Posted on January 21, 2013 at 5:31 PM
Monday, Jan 21 at 7:21 PM
CHARLOTTE, N.C. -- A local concrete company is trying to keep friends, employees and customers from being duped by an email scam which claims the company owner is the victim of a crime overseas and needs thousands of dollars to get his family home.
The email has Tommy Brown’s name on it, as well as his ex-wife and office manager Carmel Brown’s name on it.
It has the company name, B&B Concrete, as well as their contact information.
The problem is the email is a scam and these words aren't his.
"Hope you get this message on time. This message is coming to you with great depression due to my state of discomfort. Traveled a short trip with my family to Athens, Greece but unfortunately we got mugged and robbed at gun point on our way to the hotel where we stayed. All cash, credit cards and few other valuables were taken away,” the email says.
Tommy Brown has never been to Greece and certainly isn't there now.
"I never go out of the country, never fly, never get on a boat,” Brown said.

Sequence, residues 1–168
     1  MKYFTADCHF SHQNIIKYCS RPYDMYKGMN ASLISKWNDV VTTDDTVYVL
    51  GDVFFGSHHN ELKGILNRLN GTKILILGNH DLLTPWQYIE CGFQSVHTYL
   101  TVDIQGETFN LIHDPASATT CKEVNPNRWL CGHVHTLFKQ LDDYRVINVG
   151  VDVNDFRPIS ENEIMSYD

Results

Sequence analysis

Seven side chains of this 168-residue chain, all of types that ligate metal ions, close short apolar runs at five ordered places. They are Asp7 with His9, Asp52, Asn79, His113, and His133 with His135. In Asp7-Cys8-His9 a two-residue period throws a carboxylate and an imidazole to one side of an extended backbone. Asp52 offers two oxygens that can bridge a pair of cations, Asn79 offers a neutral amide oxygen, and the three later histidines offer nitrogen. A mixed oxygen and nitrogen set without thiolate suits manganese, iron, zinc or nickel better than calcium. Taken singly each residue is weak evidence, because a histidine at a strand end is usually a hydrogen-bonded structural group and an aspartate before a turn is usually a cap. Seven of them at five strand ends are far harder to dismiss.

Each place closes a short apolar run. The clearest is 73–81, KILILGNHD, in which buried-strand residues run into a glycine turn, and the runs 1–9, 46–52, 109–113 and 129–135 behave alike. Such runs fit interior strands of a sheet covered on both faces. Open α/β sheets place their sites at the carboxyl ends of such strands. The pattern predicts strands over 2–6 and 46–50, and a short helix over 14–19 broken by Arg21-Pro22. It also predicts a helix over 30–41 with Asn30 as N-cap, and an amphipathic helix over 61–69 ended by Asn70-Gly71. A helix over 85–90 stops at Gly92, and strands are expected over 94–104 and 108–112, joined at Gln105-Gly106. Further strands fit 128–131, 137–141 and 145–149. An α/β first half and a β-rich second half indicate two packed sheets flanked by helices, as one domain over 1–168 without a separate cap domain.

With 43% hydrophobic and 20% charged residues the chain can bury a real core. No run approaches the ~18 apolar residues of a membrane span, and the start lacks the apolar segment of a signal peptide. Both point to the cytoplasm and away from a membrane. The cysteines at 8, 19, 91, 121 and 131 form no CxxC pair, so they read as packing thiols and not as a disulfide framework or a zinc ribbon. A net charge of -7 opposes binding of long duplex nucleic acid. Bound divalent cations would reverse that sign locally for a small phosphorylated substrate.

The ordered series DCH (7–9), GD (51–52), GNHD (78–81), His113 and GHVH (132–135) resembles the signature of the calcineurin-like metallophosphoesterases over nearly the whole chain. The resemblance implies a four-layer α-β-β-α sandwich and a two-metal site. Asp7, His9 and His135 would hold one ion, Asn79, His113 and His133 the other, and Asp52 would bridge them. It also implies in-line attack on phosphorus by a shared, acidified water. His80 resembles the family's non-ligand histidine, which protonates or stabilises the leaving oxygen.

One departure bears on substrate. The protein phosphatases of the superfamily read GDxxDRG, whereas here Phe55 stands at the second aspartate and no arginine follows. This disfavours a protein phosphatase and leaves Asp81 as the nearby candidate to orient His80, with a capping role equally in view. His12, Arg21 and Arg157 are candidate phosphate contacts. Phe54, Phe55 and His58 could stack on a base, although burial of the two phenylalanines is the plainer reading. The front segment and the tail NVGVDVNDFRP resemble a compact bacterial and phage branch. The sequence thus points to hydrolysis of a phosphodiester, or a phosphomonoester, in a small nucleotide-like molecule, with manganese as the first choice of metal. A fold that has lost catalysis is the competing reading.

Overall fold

The request for cash isn't his.
"I am contacting you to ask for a short loan of 1,500 Euro (About $1,950 USD) to settle our bills which I will refund immediately I get my family back home safely. Please let me know if you can help,” the email reads.
The problem Monday is several of Brown’s friends, co-workers and business contacts thought the email was real and offered help.
"The phone's been ringing this morning ever since it went out,” Brown said.
"I've had six or seven calls today from people asking ‘is Tommy OK?’ I say he's fine, but we've been hacked,” said Carmel Brown.
Instead of drumming up new business for concrete crews working in the field, the Browns are in react mode, telling email recipients do not send money.
"I'd hate for somebody to send money and think I was really in on a scam with them,” he said.
They are also in repair mode trying to recover stolen information.
"I've lost everything I had for our big jobs, all my paperwork is gone,” Carmel Brown said.
The Browns say fortunately no one fell for it.
They told folks who called the email was not real and say they are glad people called to check instead of relying upon words in the email, which could have cost them thousands of dollars.
The email asks people to wire money via Western Union to Athens and provide transfer information.